Home > Life in Japan > Media
  print button email button

Sunday, Dec. 6, 2009


Organ-transplant drama, Japan seen from above, and experimental mystery 'Sisters'

The issue of organ transplants gets pulled into service for the two-hour suspense drama, "Egao: Jugonenme no Uso" (The Smiling Face: Fifteenth Year Lie; TBS, Mon., 9 p.m.).

Hideo Inaba (Ken Ishiguro) drives a municipal street car for a living and spends his off-hours at a local hospital where he dresses as a clown and entertains sick children. It's his way of giving something back for the survival of his daughter, who needed a heart transplant 15 years earlier and received one thanks to the help of many people.

One of the patients in the hospital he works at is a girl named Tomomi (Yui Ichikawa), who is the same age as Inaba's daughter. Tomomi needs a liver transplant and can only receive one from a blood relative. However, her older brother is on death row for murdering their father 15 years ago. One day, a detective visits her in the hospital and tells her he thinks her brother is innocent.

T V Tokyo has taken the popular neighborhood exploration format to new heights, literally, with the series "Sora kara Nihon wo Mite miyo" (Let's Look at Japan from the Sky; Thurs., 7:58 p.m.). Each week the producers choose a self-contained geographical entity — usually a train line — and dispatches a helicopter to get a bird's eye view of it. When the helicopter finds something interesting, like an oddly shaped building or an incongruous patch of vegetation, a camera crew on the ground investigates.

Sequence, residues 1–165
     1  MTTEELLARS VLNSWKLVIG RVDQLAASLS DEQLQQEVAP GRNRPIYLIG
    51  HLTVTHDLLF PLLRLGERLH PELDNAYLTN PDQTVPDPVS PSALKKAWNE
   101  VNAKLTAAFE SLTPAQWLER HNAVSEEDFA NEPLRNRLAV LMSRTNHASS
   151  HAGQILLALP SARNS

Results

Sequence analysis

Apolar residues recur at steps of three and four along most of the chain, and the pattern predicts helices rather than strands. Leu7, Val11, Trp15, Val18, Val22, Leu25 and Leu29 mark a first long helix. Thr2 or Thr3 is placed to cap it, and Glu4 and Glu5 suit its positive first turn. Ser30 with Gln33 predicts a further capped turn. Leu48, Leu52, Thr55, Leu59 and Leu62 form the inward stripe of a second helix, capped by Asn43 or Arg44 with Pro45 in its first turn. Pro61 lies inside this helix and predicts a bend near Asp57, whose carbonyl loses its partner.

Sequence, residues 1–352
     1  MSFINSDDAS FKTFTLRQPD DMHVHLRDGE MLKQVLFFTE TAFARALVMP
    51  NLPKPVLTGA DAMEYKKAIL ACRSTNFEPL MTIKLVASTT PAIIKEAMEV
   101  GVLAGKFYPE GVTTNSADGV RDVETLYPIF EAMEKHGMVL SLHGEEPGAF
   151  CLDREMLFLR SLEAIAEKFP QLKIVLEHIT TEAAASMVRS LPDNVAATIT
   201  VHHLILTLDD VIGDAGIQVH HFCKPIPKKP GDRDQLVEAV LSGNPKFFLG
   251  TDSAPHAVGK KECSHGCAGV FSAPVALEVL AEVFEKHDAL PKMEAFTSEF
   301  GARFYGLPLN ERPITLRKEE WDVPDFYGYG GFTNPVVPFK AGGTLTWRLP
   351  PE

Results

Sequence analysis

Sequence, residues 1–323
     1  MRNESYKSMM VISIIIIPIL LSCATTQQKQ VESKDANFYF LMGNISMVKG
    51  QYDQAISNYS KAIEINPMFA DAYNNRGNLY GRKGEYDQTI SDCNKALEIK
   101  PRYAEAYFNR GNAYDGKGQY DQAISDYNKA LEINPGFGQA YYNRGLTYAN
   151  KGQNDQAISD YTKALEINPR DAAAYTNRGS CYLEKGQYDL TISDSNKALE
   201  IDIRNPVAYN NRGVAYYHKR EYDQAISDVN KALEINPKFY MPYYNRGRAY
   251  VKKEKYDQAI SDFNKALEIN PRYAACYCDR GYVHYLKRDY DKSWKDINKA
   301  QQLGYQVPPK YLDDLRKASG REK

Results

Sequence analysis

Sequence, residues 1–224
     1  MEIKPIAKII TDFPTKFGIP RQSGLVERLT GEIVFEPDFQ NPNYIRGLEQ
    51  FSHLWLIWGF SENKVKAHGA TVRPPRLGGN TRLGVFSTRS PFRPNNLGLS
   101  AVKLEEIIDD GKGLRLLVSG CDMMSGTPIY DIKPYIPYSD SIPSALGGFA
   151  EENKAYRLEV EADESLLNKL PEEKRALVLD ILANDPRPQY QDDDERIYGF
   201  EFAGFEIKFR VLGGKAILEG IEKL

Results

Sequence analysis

This week's subject is the Tokyu Toyoko Line, which runs from Shibuya Station in Tokyo to Yokohama. From the air, some ancient kofun (sacred burial mounds) in the exclusive Denenchofu district are clearly visible, but when the crew on the ground checks them out they find that some tombs are actually in people's homes. They also look at the current situation at Sakuragicho Station, which was the terminus for the Toyoko Line until 2004.

N HK takes an experimental approach to the two-part mystery "Sister" (NHK-G, Fri., 10 p.m.), which stars Rosa Kato as Yui, a photography student who falls in love with her instructor.

Ikuma (Yukiyoshi Ozawa) is an internationally famous landscape photographer and his most celebrated photo happens to be of a place where Yui and her sister used to spend time as children. They even had a secret hideaway there.

Yui's initial attraction to Ikuma may have something to do with the photograph and her own history, but the viewer is constantly kept off-balance because of the shifting point-of-view. Sometimes we see the action through Yui's perspective and then see the same thing through the eyes of her longtime friend, Naota.

Everyone has secrets, and all will be revealed in Part 2 on Dec. 18.

Back to Top

About us |  Work for us |  Contact us |  Privacy policy |  Link policy |  Registration FAQ
Advertise in japantimes.co.jp.
This site has been optimized for modern browsers. Please make sure that Javascript is enabled in your browser's preferences.
The Japan Times Ltd. All rights reserved.